If there is profundity to be found at Paris Fashion Week, it happened early with the Anrealage presentation.
Rimmed with LED lights, the constructed triangular arena made of chrome and concrete allowed models to be viewed from all sides as they came bounding from backstage like cyber-punk cowboys at a dystopian rodeo. Meticulously synchronized lights flashed and dimmed, from one hue to another revealing that each garment looked entirely different depending on the light cast.
Designer-philosopher Kunihiko Morinaga said that the collection, entitled “PRISM,” intends to convey the diversity of perception.
“As light comes through a prism and makes many colors,” Morinaga said through his translator, “this is how we see everything and these clothes.”
Morinaga has been having a conversation through his designs about aesthetic meaning in the digital age since 2011, when he started focusing on tech. His first collection in this vein entitled “LOW,” comprised of 8-bit motifs on traditional dresses and suits, was a blunt statement on the fusion of utilitarian art and technology.
Seven years later, his designs have become a more nuanced depiction of his thoughts on the changing nature of perception and knowledge in the digital age.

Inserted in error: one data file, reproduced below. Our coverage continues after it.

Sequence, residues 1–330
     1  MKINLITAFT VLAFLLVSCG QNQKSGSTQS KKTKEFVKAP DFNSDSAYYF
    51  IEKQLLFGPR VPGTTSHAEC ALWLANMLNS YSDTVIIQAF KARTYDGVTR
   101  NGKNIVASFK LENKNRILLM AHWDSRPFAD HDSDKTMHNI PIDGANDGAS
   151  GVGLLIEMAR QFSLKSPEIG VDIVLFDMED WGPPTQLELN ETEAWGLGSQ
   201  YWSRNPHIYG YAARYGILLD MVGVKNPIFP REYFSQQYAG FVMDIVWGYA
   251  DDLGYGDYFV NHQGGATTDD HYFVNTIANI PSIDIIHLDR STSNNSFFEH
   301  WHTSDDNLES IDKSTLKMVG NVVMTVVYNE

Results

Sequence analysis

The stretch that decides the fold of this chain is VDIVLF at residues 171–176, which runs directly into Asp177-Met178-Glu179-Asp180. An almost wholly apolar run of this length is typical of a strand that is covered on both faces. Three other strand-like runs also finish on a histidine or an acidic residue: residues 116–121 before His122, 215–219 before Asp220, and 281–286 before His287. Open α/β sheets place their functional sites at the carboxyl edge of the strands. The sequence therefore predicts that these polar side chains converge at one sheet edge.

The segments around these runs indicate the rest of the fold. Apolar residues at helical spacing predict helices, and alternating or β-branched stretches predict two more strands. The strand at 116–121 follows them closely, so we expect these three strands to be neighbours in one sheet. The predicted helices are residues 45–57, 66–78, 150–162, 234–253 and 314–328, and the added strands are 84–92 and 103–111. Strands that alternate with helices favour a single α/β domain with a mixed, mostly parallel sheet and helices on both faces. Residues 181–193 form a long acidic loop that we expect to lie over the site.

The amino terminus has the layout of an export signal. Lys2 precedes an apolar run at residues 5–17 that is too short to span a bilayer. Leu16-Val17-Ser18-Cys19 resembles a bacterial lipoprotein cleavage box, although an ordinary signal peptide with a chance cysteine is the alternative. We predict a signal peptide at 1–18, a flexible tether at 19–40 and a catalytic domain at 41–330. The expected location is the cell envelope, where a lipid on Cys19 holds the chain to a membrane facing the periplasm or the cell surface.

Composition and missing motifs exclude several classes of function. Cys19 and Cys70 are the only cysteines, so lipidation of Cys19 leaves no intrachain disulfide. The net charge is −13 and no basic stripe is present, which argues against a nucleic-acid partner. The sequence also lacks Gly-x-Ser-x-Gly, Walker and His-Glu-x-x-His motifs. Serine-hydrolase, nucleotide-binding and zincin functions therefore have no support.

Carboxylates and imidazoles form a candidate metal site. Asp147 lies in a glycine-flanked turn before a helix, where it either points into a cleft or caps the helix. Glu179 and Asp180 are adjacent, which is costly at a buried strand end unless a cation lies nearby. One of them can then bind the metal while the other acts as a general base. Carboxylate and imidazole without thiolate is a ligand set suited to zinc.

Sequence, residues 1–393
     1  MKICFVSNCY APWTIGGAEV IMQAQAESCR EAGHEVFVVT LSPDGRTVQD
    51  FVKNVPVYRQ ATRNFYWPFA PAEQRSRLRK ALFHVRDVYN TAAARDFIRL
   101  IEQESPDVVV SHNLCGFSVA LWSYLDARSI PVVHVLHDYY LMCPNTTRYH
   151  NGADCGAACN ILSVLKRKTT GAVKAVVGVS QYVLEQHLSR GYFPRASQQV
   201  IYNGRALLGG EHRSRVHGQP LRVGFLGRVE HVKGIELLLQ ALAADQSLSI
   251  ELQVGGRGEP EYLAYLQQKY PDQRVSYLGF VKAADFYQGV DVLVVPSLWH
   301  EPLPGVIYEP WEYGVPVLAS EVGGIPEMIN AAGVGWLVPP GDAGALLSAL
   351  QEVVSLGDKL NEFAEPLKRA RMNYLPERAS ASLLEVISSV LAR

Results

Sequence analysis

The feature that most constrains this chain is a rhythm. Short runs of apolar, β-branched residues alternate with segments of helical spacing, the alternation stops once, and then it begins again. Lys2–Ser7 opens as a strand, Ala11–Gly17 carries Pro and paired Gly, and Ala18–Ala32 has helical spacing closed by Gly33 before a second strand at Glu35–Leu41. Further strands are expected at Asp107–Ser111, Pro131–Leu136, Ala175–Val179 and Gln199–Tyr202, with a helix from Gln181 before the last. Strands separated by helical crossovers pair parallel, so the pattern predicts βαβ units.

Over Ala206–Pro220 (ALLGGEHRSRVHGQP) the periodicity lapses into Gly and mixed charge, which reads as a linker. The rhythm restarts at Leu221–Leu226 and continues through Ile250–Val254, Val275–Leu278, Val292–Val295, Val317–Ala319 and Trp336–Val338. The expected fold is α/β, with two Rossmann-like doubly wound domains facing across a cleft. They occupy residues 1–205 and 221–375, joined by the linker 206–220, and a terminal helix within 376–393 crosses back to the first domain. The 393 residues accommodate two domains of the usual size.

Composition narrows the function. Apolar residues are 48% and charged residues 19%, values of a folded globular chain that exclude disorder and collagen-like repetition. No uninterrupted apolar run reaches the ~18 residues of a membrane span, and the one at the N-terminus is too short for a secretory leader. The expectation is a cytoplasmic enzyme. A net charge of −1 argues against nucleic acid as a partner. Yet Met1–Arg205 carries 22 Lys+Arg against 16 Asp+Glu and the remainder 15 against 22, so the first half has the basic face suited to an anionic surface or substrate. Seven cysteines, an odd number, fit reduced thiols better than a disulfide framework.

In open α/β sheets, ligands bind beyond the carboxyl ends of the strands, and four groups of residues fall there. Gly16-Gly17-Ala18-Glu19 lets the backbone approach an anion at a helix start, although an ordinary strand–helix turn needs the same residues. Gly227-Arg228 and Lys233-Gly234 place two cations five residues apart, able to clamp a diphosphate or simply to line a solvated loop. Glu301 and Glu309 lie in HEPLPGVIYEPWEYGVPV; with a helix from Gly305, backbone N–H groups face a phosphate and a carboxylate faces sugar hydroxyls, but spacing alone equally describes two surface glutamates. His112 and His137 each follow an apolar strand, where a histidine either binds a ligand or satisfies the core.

“PRISM” had a purposeful clash of cuts and styles spanning different eras. Large knit sweaters draped over plastic skirts and cinched-waist houndstooth coats were layered with, or woven from, reflective plastics responsive to light.
Morinaga offered a simple example to reporters clamoring around him after the light show. He held up a white sneaker and moved the light from his cell phone around it. “The shoe is always one color,” he said through his translator, “but you see how with light shining it is always different.” --Alex Brook Lynn
The beauty of diamonds lies not only in their brilliance but their ability to shift one’s perspective, playing a trompe-l'œil on the eye. Alexis Mabille employs such a trick with his ready to wear collection, drawing inspiration from the beloved gem and its versatility presenting whimsical yet polished moments.
In shades reminiscent of the pink, green and blue prisms of a diamond’s reflection in the light, Mabille achieves a cohesive vision while escaping the trappings of inspiration that becomes too literal.
“It’s all about being playful,” Mabille told The Daily Beast at his presentation, adding that the collection highlights “timeless pieces of men’s tailoring, mixed with lingerie details and volume.”
Mabille’s dresses, often in lightweight silks and cotton, synthesizes those elements with detachable portions pivoting between day to night looks. A knee-length dress? Well, maybe. After unhooking a few buttons it suddenly becomes a flirty baby doll, while Victorian-esque sleeves once attached to a 9-5 dress offer a hint of drama for date night.
The modern woman oscillates between many roles and Mabille’s collection asks the question, who do you want to be today or two hours from now? Whatever the answer, the transformation is both beautiful and effortless. --Tamara Best